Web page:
Office cleaning agencies can come and clean workplaces at any time even during traditional office hours. With their cleaning experience and a guide, the cleaning agency can develop a plan based on the number of employees and the size of the office space. Keeping workplaces clean has become even more challenging during this COVID-19 pandemic. If rubbish clutter and dirty spaces aren’t taken care of employees could get ill.
Moreover, without proper cleaning, office workplaces start to accumulate dirt and contaminants that may affect employee health and wellness. Hiring professional office cleaning services ensures that workplaces get detailed cleaning services that reduce the chances of the coronavirus from spreading around the office.
· Practicing sneezing and coughing etiquette
Similar to how other viruses spread, people with COVID-19 spread the virus through respiratory secretions when they cough or sneeze. The best time to practice good health and hygiene is when ill especially while coughing and sneezing. A good way to prevent the germs from spreading is by restraining from coughing or sneezing in the hands. The second is to cover the mouth with a tissue or upper sleeve when sneezing or coughing. From then on you can safely dispose of the used tissue in a wastebasket.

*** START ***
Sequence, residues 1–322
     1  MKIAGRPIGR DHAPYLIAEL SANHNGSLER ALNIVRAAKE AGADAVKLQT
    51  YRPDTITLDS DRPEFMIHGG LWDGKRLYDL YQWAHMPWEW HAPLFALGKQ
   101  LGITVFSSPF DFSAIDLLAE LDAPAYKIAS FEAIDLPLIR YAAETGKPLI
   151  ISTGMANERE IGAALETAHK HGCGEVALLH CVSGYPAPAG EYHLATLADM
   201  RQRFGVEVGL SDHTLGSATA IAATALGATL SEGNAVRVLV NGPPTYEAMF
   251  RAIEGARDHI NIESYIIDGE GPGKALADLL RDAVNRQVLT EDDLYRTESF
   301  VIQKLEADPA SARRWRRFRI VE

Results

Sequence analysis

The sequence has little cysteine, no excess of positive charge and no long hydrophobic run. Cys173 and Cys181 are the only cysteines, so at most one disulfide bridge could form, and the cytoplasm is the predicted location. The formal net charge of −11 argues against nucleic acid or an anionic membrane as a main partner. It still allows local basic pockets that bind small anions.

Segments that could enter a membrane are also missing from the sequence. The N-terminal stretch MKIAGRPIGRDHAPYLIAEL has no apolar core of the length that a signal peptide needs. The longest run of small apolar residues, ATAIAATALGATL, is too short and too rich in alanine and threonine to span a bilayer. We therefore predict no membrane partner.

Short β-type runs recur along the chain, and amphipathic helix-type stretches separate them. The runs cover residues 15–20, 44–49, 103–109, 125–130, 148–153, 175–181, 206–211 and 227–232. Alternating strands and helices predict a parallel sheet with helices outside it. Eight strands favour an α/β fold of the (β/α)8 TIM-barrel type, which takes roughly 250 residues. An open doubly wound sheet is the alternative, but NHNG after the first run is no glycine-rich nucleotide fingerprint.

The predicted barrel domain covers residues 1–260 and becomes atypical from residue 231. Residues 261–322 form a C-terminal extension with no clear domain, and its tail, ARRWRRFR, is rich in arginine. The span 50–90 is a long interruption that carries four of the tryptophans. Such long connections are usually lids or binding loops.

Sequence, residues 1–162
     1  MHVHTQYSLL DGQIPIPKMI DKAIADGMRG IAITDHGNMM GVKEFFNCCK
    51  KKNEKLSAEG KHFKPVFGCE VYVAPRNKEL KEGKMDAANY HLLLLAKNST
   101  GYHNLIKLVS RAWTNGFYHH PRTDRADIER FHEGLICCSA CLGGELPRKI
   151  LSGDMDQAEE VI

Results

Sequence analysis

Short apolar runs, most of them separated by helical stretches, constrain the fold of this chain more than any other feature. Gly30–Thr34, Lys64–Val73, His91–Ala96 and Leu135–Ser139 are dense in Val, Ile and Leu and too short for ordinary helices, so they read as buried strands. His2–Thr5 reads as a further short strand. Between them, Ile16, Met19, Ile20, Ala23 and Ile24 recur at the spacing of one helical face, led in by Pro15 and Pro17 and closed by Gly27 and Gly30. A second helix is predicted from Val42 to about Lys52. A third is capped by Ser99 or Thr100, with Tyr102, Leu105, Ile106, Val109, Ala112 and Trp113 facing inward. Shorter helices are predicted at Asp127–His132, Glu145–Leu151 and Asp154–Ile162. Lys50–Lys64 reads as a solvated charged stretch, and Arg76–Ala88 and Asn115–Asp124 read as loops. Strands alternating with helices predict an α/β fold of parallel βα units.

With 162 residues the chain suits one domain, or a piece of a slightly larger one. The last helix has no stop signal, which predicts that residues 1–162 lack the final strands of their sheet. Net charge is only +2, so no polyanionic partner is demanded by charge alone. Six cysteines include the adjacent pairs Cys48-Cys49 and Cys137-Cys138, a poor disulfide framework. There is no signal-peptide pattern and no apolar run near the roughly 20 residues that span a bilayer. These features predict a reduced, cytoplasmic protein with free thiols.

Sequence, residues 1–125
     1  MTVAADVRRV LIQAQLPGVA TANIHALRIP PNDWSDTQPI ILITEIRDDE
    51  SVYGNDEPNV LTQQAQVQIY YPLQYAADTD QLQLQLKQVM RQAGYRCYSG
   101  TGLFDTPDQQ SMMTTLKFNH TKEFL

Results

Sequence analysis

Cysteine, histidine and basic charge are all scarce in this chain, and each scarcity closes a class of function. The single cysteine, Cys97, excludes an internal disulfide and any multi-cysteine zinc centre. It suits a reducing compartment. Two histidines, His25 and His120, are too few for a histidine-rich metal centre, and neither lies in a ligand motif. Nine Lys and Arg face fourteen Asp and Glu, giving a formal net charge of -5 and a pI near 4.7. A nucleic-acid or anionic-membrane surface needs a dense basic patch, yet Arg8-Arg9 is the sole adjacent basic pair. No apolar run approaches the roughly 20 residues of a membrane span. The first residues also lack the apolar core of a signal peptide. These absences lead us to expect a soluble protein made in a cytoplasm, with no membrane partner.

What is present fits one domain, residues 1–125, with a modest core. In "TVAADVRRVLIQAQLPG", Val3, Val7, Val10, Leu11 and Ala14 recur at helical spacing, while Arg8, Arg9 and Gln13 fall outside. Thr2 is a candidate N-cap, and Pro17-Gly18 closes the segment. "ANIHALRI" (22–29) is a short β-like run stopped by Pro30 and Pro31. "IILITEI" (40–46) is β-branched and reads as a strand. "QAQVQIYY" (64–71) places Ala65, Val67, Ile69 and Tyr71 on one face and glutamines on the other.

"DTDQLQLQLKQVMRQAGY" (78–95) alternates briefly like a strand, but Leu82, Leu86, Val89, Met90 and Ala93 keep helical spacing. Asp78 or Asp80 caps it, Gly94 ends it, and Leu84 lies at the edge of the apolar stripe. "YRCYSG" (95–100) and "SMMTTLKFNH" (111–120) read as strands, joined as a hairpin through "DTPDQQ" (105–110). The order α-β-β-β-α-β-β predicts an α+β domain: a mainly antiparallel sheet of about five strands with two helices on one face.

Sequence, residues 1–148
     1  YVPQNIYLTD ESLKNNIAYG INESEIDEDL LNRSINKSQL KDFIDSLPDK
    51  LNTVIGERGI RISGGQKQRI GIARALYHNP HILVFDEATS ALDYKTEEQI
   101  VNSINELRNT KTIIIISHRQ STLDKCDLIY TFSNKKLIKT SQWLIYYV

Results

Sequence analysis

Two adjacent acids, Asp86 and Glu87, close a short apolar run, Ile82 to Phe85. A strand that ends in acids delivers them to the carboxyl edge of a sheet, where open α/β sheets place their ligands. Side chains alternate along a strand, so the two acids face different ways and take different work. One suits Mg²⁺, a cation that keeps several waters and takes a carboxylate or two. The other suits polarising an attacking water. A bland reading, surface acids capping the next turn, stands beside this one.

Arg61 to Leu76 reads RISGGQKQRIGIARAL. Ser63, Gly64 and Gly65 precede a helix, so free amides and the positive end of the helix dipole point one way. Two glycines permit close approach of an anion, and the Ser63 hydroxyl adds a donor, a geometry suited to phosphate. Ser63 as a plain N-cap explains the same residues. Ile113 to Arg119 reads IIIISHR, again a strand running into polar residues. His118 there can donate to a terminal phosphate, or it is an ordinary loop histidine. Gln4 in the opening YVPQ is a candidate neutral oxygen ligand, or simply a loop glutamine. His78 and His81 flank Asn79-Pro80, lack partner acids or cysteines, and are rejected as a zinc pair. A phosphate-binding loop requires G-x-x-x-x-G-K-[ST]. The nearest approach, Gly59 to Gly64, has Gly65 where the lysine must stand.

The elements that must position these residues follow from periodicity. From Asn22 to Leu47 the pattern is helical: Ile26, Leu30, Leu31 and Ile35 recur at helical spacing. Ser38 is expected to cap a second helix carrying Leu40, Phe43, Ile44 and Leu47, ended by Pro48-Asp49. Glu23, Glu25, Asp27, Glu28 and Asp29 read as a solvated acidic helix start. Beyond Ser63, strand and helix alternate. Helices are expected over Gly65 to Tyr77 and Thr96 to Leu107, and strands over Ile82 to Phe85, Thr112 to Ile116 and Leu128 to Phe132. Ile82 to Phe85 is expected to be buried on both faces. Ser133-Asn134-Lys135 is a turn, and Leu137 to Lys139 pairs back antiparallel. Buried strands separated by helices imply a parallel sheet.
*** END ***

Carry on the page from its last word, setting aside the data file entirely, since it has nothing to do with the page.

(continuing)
· Reducing the need for cleaning
It has been proven that reducing people’s contact with surfaces and objects is much better than relying on cleaning. How can workplaces do this? The first is by limiting the movement of people around the workplace as much as possible. This means allocating some work areas to only specific people, reducing the number of employees, closing off some workstations that can be done without, propping doors open to avoid touching the handles, reducing office equipment so that there’s less need to clean. All these measures reduce people’s need to touch surfaces or objects hence no need for cleaning at least regularly.
· Using fog, mist, and vapor as a disinfectant
To contain the COVID-19 virus, fog mist and vapor treatments can be used to control the spread. Fogging for example uses an antiviral disinfectant solution that cleans and sanitizes large areas of buildings quickly and effectively. This cleaning method can kill off the virus on surfaces be it desks, walls or floors. It’s done by spraying a fine mist from a spray gun which is left to evaporate for about 6 hours. Whoever does this has to wear a chemical suit, gloves, an air-fed ventilator, and a sealed mask.
The chemical used is safe on equipment such as printers and computers. Mist is used to penetrate every area so the virus gets killed.
In conclusion, The Pandemic has changed how we think about cleanliness at the workplace. It’s no longer something that’s taken lightly but rather more seriously than ever. Employers are required to provide a safe working environment for workers. How they can do this is by following the measures stated above such as reducing the need for cleaning, disinfecting premises, emphasis on washing hands, and washing hands after touching the COVID-19 risk areas.